Thursday, June 25, 2020

Preserved 1880s Old Renwick Road Truss Bridge over DuPage River

(Bridge Hunter; Historic Bridges; HAER; An HDR Photo3D Satellite)

A much needed straightening of Renwick Road was done. Fortunately, they turned this bridge into a pedestrian bridge.
20200317 1655

Date of Construction:

1912, accepted date, possibly earlier
Although the locally accepted date of construction of the bridge is 1912, the truss details incorporate practices common in the 1880s and 1890s. [An argument that this bridge was built before 1900 is that the company was absorbed by the American Bridge Company in 1900. "It is questionable that the company would have continued to use the Wrought Iron name plate after merger." An argument that it was built before 1890 is that it doesn't have knee bracing.]

This single-span bridge, located near a historic site on DuPage River is a through Pratt truss, 151 feet in length, the last surviving through truss in Will County, and an example of a bridge type once familiar in Illinois. This truss, built by the Wrought Iron Bridge Company, is one of three spans in the state known to have been built by this prolific Canton, Ohio, builder. Pin-connected Pratts were a common late 19th and early 20th century metal truss design which is vanishing from the American landscape.

I was surprised that Will County is down to just this one through truss bridge.

Comparing my photo at the top to the comparable HAER photo, I noticed that someone has stolen the plaque on top of the west portal since 1995.
HAER ILL, 99-PLAIN. V, 1--3

3. VIEW TO SOUTHEAST - Renwick Road Bridge, Plainfield, Will County, IL

Fortunately, the east portal still had its plaque.

This plaque became an example of the economics of a digital camera allowing one to take photos early and often. I took the following photo after I realized that it may be hard to read the text in the above photo because of the extreme angle. But the above photo ended up being more readable because of the lighting.

There has to be a story behind these bent bars.

The above photo also shows how the end of the tension members have a loop instead of the usual eye. It also shows how some people will go out of their way to litter. Almost every joint an upright and its floor beam had at least one can in it. The following diagram provides the appropriate terminology for the tension members. The bottom chords, which are bigger, are eye-bars whereas the diagonal members, which are smaller, are loop bars.
HAER-data, p11
You can tell this is a different joint because it has a different can stuffed in it. This one is closer to the center because the bottom cords are bigger on the right (towards the center) than the ones on the left. And the diagonal members get smaller as we go towards the center of the span.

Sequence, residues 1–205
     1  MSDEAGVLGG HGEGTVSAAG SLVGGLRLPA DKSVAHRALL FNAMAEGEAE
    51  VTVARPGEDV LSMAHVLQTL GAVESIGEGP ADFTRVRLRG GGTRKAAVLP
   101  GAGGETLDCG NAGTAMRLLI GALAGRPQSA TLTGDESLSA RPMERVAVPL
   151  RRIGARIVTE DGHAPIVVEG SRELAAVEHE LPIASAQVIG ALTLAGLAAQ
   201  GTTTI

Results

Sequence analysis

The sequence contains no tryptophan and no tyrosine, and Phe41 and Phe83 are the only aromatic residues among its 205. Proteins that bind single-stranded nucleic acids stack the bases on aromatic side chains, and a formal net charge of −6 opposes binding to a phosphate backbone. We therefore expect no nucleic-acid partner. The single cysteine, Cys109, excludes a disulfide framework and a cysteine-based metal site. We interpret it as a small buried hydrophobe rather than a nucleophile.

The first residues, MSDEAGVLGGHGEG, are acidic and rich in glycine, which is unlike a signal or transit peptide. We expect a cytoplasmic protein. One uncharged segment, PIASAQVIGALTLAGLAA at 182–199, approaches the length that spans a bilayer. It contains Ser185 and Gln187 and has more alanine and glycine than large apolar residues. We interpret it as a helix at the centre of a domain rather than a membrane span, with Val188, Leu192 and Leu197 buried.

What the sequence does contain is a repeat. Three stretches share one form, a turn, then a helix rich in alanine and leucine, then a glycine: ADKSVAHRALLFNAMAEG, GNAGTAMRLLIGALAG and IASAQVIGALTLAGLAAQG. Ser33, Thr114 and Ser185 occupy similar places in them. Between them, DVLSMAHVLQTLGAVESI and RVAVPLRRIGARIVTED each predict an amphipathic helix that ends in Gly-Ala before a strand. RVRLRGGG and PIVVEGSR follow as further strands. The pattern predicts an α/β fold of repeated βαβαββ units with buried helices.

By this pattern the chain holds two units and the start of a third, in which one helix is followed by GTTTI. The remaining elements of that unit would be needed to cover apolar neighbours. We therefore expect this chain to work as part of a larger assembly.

Since we are close to the dolostone quarries in Joliet and Lemont, it is no surprise that the bridge abutments are made with cut stone. These are the west and east abutments, respectively. The HAER report indicates the stones are 3' deep.

The HAER report observes that there is no knee bracing. I think knee bracing is reinforcement of the joints between the upright members and the floor beams to hold them at 90 degrees during a wind load. In fact, as the report indicates, the joints in this bridge are just pin connected. That is, they have no resistance to bending under a wind load. HAER indicates that knee bracing was introduced around 1890. In the following photo, I was trying to catch how the size of the bottom cords are smaller in the panels that are closer to the abutments. But it also catches how the upright member is connected to the top of a floor beam with just one pin.

This photo shows that some repairs have been made.

It was obvious that this was a rare old bridge, so I took a lot of photos while I was there. The following is a dump of the remaining photos that I took.

 Looking upstream we see the replacement bridge.

When the HAER record was written in 1995, the plan was to move this bridge for preservation and build a new bridge at this location. Fortunately, for the greater good, homes were purchased so that the new bridge could be in a location that allowed Renwick Road to run straight over the river. Not only did they have to purchase the homes that were in the way of the new alignment, they had to purchase the homes between the CN/EJ&E tracks and the river because they became isolated when the old bridge was closed to vehicular traffic. I captured the Global Earth images before, during and after construction.

Global Earth, Sep 2011

Global Earth, Mar 2012

Global Earth, Apr 2013

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